More and more often in today’s environment, it is more common to experience a piano coming from an electronic keyboard, but especially in churches or performance halls, pianos can still be found. 

Getting It

There are almost as many ways to mic a piano as there are for drum overheads. Here are a two of the easiest.

Single Mic

When using one mic, it’s best to use an omnidirectional mic in the middle of the piano keyboard (right around “middle C”). On an upright piano, put it about a foot and a half away from the wooden back (the “soundboard”). On a grand piano, place it around where the bass and treble strings cross. For more attack, move it closer to the hammers; for more fullness, move it farther from the hammers.

For a surprisingly good grand piano sound (for what it is), grab an SM58 and a small cloth, lay the SM58 on the cloth on the metal frame of the piano so the ball of the microphone is in one of the holes in the metal, with the mic pointed towards the hammers. Experiment to find the best location for your piano. A big perk of this technique is you can leave the lid closed and there is almost no bleed into the piano mic from outside.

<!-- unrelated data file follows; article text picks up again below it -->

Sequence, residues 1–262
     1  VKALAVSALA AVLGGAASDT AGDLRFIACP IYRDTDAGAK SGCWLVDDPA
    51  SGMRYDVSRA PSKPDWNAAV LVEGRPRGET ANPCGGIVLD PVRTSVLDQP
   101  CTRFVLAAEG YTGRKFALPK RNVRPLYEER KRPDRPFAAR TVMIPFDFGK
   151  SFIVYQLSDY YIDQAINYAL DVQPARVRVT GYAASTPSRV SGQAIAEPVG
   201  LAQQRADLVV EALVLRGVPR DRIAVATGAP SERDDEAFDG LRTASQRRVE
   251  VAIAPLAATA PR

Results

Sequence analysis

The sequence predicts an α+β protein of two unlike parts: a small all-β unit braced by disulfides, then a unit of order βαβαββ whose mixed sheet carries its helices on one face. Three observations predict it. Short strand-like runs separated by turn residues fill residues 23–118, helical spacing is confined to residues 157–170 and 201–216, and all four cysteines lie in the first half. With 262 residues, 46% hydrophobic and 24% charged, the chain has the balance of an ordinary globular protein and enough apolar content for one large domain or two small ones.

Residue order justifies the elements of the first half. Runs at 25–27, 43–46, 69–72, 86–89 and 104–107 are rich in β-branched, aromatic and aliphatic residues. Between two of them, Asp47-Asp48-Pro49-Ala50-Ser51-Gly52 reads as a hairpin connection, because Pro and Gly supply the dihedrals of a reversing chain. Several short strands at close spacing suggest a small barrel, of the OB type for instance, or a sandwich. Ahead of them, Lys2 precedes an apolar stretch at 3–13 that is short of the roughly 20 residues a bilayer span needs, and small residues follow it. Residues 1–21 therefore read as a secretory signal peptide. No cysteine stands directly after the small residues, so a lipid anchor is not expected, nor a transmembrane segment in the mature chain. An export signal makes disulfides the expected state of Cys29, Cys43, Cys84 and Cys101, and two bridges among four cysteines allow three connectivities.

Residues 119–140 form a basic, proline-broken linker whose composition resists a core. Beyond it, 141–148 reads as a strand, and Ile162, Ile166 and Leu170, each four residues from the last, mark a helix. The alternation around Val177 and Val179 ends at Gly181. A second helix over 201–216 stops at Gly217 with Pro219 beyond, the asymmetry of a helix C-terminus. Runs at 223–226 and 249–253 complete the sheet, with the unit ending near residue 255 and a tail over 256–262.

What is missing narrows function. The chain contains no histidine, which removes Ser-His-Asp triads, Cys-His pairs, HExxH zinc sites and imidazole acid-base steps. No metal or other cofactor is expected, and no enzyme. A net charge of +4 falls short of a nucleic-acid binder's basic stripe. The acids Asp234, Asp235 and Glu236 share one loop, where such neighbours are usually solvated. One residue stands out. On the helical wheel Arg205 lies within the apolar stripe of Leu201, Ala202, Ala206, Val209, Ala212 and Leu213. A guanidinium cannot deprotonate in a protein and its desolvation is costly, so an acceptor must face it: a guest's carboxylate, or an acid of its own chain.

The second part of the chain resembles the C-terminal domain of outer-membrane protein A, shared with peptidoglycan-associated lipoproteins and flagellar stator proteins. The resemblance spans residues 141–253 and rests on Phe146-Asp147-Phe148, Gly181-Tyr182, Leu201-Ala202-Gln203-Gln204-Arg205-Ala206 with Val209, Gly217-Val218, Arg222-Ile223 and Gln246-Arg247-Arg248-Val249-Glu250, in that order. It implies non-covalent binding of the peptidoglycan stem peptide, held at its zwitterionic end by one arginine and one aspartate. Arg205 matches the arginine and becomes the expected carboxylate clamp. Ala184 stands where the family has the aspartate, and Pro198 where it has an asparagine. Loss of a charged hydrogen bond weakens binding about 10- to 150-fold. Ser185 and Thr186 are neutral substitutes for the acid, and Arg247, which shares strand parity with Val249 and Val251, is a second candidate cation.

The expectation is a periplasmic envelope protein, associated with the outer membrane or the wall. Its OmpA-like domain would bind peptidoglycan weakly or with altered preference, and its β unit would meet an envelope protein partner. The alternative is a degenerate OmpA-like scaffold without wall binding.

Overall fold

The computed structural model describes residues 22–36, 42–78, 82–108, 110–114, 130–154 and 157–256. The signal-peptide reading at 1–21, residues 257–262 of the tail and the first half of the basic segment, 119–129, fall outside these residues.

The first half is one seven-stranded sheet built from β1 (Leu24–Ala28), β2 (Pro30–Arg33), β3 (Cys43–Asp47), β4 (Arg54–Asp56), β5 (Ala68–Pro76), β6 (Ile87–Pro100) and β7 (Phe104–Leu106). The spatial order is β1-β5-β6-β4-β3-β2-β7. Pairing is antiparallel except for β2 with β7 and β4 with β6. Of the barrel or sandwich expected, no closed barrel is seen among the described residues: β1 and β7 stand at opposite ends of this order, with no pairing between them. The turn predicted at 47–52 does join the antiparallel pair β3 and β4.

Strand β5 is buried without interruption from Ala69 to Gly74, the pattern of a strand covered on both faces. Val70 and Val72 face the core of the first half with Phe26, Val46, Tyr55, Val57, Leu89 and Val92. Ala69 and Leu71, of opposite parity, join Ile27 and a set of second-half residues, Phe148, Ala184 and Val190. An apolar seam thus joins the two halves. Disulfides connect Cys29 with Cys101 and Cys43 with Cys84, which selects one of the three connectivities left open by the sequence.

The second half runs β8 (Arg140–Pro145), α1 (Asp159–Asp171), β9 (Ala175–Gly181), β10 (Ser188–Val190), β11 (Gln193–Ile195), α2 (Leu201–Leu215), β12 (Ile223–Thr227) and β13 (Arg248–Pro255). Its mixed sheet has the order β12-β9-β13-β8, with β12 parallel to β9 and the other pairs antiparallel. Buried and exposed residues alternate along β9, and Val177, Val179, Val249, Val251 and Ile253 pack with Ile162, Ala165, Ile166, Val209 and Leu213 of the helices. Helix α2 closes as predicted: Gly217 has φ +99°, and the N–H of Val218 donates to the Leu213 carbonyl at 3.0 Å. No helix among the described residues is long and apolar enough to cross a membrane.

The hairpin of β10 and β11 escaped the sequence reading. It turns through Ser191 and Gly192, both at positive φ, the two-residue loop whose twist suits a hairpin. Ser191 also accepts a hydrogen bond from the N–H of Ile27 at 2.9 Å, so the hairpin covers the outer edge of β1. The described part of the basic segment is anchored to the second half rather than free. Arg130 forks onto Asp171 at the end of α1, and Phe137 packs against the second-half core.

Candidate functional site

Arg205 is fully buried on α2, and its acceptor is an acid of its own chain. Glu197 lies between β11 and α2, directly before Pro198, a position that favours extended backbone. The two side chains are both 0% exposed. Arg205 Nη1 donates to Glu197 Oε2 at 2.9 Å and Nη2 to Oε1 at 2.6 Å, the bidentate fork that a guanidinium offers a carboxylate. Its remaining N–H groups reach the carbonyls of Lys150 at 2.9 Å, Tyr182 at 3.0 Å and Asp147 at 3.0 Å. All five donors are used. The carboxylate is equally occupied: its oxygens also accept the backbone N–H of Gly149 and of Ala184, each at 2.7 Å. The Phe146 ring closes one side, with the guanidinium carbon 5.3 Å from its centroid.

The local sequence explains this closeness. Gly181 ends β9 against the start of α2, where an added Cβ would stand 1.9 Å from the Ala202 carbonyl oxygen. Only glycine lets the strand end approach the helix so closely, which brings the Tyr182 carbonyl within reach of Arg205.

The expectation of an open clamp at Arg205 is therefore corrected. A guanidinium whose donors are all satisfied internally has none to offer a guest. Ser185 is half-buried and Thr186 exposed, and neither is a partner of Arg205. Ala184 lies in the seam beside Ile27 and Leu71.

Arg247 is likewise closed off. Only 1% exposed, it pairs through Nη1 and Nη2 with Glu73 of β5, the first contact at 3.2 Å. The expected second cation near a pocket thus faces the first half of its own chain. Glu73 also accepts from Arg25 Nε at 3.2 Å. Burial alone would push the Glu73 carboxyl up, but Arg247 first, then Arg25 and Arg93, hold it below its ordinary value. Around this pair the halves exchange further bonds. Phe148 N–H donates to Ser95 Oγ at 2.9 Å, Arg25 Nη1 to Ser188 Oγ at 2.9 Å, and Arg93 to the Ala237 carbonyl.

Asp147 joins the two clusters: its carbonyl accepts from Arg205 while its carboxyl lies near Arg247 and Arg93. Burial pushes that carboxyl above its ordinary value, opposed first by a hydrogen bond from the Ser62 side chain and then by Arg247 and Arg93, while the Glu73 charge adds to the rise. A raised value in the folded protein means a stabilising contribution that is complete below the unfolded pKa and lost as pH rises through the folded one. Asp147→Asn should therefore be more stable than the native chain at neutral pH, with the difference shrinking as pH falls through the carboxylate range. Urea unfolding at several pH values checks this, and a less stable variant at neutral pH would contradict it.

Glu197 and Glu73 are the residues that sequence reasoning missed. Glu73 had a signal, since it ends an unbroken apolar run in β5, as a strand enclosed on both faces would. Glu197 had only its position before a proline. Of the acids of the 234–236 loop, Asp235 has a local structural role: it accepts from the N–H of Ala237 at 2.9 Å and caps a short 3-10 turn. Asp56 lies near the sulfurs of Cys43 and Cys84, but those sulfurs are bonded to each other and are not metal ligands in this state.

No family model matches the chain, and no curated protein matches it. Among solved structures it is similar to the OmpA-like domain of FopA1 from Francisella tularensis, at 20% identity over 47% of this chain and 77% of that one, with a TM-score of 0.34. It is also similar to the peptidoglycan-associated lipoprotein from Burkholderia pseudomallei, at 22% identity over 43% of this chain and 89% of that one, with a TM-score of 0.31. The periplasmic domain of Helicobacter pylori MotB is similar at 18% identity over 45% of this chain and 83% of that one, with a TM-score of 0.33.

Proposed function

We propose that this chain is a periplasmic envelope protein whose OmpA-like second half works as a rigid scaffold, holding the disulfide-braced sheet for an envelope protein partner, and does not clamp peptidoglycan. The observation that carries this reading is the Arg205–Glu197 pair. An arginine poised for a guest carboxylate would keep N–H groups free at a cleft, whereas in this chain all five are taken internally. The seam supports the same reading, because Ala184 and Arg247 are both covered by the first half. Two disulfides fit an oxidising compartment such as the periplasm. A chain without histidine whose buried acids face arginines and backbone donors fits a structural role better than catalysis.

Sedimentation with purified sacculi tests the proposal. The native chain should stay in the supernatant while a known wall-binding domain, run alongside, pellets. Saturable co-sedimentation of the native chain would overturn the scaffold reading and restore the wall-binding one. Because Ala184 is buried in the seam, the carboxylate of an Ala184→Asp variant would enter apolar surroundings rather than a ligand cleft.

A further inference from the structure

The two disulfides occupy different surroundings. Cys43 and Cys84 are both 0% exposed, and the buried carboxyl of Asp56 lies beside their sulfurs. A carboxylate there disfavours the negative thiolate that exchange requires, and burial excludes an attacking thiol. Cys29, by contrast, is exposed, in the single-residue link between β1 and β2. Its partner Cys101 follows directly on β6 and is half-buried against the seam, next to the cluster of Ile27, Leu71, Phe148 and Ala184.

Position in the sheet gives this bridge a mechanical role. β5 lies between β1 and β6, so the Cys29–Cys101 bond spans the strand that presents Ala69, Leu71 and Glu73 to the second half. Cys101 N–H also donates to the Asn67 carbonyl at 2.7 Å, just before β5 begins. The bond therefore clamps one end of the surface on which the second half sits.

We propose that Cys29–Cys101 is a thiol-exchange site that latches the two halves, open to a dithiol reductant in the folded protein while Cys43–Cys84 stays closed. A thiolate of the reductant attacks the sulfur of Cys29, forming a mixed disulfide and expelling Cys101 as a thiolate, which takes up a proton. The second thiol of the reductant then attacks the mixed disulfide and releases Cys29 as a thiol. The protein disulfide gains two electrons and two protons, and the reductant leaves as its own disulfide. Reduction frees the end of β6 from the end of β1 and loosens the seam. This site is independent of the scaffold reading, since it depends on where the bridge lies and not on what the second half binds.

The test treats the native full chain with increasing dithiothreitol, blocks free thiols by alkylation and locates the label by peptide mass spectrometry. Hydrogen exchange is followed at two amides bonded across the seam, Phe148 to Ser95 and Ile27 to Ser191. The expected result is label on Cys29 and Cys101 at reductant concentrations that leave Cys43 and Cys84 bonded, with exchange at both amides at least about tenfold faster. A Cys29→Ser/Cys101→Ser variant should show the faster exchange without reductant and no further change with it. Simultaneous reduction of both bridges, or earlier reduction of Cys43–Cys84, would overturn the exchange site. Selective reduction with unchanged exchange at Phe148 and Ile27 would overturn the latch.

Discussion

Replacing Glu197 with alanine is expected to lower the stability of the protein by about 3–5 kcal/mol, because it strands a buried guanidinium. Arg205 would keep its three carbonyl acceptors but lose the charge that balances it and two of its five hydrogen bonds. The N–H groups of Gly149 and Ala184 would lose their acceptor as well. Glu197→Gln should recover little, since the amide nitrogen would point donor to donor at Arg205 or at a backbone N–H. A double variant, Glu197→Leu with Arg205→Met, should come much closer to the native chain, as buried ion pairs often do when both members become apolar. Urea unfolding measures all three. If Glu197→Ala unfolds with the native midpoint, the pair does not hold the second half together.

Spaced Pair

If you can use two mics for a piano, a spaced pair is quite easy. Place two microphones, pointed down, 6 to 12 inches above the strings just behind the dampers and at least 3 times farther apart than the distance from the mics to the strings (this cuts down on phase problems).

In the Mix

Pianos can serve as any number of mix elements, and should be mixed depending on what role they serve. For EQ, generally, low is “fullness”, low midrange is “boxiness”, high midrange is “attack”, and high is “presence”. Pianos usually benefit from light reverb.